Despite the global impact of the WanaCrypt0r ransomware attack experts don't expect it will be the industry wakeup call needed to take security more seriously, but there may be hope.
The reason an attack that crippled the UK's National Health Service and hit several large corporations and hundreds of thousands of computers may still not be enough to make a difference is it didn't make a big enough dent in any single business or personal fortune to greatly influence a behavioral change, Evident.io Chief Executive Officer Tim Prendergast told SC Media.
“While security is becoming a board-level discussion item, it has yet to be made a top priority,” Prendergast said. “Recent ransomware attacks certainly have gotten people's attention, but if you reviewed 100 enterprise organizations across the globe, I'd bet that 100 percent of them still have at least one server in their network that is vulnerable; and most likely, the risk cost analysis is low enough that the vulnerabilities won't be fixed.”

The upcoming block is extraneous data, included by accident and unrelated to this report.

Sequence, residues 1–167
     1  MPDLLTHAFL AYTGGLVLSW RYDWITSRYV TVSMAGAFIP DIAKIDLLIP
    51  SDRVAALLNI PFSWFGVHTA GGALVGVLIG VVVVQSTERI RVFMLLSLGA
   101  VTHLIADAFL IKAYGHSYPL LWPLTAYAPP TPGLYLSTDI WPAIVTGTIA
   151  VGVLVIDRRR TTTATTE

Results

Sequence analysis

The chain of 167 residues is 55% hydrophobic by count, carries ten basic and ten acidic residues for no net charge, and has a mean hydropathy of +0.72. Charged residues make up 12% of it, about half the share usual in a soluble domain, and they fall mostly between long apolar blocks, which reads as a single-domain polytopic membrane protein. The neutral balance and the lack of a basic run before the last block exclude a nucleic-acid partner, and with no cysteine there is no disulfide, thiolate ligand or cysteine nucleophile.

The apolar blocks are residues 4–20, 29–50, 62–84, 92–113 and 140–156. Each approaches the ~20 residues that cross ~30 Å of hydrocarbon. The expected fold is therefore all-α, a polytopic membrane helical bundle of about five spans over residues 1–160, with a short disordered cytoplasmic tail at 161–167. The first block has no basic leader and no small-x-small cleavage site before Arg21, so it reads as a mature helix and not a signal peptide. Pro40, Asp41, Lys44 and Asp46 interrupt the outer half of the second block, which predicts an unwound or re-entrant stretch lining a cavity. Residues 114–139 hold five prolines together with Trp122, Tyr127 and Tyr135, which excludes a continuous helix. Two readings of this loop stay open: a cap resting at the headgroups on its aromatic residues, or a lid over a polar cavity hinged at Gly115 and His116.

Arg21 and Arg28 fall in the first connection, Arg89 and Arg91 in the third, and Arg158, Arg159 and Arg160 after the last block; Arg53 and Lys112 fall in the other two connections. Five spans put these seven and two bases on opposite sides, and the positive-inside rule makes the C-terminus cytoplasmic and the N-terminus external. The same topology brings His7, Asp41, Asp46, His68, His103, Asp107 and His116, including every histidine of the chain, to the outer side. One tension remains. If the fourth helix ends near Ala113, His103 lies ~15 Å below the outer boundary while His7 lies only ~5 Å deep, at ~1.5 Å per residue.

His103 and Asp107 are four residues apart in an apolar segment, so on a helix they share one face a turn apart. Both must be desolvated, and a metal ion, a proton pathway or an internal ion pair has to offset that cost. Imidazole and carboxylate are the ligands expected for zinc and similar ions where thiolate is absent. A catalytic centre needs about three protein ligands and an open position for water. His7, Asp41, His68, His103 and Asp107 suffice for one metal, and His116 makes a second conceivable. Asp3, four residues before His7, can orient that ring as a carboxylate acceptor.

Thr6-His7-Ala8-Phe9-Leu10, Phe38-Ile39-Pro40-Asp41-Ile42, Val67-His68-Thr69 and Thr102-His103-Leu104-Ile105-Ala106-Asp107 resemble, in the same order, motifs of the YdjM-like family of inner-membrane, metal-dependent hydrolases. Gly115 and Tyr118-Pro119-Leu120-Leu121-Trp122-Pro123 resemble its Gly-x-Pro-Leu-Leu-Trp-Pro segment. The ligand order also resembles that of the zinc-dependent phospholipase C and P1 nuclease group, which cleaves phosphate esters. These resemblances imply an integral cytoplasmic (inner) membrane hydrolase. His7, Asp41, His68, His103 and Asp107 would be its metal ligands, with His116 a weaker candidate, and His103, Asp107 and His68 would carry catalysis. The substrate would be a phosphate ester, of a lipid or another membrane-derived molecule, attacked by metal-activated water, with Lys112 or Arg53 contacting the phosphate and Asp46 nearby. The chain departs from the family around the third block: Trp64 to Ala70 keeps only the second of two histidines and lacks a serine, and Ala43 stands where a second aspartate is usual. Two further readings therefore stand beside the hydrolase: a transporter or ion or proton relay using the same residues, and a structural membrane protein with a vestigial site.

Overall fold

The lack of financial incentive and political pressure also creates little motivation for companies and their security teams to improve cybersecurity.
“People will keep doing the same, systems will remain just as fragmented, and hackers will continue to be one step ahead of IT,” Vera Chief Executive Officer and Co-founder Ajay Arora told SC Media. “Governments and companies will keep shooting themselves in the foot by under-budgeting, under-staffing and allowing arcane rules and regulations stand in the way of progress.”